Davis Cup: India vs New Zealand went according to script, but Indian tennis story is not as smooth
India’s Davis Cup tie against New Zealand seemed pretty straightforward to the outside observer with a 4-1 win, but will the script of tennis in India make happy reading after this?
A day in the life of an actor: Turn up for work. Get make-up done. Rehearse lines. Wear costumes. Start shooting. Stick to the script. A few hours later, that’s a wrap.
A day in the life of an Indian Davis Cup player. Turn up for the tie. Get used to the surface. Warm up nicely. Kit up. Start playing. Stick to the script. Three days later, that’s a wrap.
India’s Davis Cup Group I tie against New Zealand seemed pretty straightforward to the outside observer. The final result was more or less as predicted: 4-1 in India’s favour. India dominated all four singles rubbers, with the pair of Yuki Bhambri and Ramkumar Ramanathan beating the Kiwi singles players Jose Statham and Finn Tearney on Friday and Sunday. The doubles too went by the book. New Zealand’s Artem Sitak and Michael Venus , ranked 36 and 56 respectively in doubles, got the better of Leander Paes (ranked 64) and Vishnu Vardhan (332).
Except, when India play Davis Cup, the script probably has more overwriting and corrections than a Donald Trump review of Obamacare. Case in point: The last minute arrival of Vardhan, as a late replacement for the injured Saketh Myneni. There was no shortage of misplaced punctuation either: the question marks were provided by the absence of a fit and available Rohan Bopanna, and Leander Paes did his best to add some exclamations, but may have to face the reality of a full stop.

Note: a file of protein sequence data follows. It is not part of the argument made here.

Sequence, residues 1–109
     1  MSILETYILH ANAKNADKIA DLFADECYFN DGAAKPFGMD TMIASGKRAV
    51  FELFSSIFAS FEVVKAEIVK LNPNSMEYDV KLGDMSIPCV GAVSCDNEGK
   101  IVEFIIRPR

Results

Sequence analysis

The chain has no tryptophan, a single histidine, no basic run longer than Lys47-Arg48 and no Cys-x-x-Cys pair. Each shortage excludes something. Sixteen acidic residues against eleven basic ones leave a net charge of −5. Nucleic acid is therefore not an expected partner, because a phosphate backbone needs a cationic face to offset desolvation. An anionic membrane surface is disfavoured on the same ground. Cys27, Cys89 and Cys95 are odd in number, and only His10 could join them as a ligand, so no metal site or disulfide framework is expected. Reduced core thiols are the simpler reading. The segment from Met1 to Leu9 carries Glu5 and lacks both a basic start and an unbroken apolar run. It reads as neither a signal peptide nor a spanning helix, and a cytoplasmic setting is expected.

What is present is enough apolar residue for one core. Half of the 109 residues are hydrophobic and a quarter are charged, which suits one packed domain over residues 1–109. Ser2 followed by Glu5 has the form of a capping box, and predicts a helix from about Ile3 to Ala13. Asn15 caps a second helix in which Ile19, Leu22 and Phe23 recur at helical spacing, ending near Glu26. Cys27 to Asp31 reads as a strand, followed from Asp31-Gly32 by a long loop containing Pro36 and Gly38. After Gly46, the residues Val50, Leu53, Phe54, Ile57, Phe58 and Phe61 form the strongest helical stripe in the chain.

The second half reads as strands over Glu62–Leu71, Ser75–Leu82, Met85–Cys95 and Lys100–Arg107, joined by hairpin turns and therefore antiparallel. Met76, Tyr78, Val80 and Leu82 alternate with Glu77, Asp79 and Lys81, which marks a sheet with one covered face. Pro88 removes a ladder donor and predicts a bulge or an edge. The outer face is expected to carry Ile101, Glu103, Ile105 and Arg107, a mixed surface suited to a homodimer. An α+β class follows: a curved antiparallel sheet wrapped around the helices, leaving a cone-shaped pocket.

But back to the start. Bhambri, not six months into his return from injury, impressed in the opener, setting the tone winning 6-4,6-4,6-3. Although his game wasn’t quite up to the level that took him into the top 100 in 2015, it was more than enough for Tearney, ranked 415. Bhambri’s return is good news for India; despite more errors than he would have liked, he showed good intensity in all three sets of his first rubber, suggesting his time spent off the tour has helped boost his fitness levels. Those will be fully tested in India’s next tie, scheduled for the heat of April.
“If I don’t take my chances I have to run a lot. I don’t really enjoy that”, quipped Bhambri of his aggressive and error prone first set. “It’s just how I play. Even though I missed a few, I felt I was in control, I did miss a couple early but then they all started going in.”
Ramkumar Ramanathan, in January, was knocked out of a Challenger tournament on this same court by Bhambri, a loss that shook his confidence a bit. So he made the decision to fly to the US to train with Emilio Sanchez, of Sanchez-Casal academy, who he has been with since his junior days. “It’s a great place to train,” he said after the tie, “I might go back again for a while.”
The results showed, as the difference in his game from two months ago to now is stark. Ramkumar won both his matches in straight sets, did not drop a single service game, and dismantled Tearny in the reverse singles, winning 7-5, 6-1, 6-0. His serve was his biggest weapon, and he used the inside out forehand at every opportunity he got. Another asset for him was the crowd support; Ramkumar seemed to feed off them, and played them up at all the right moments. He will be happy that India’s next tie is at home as well.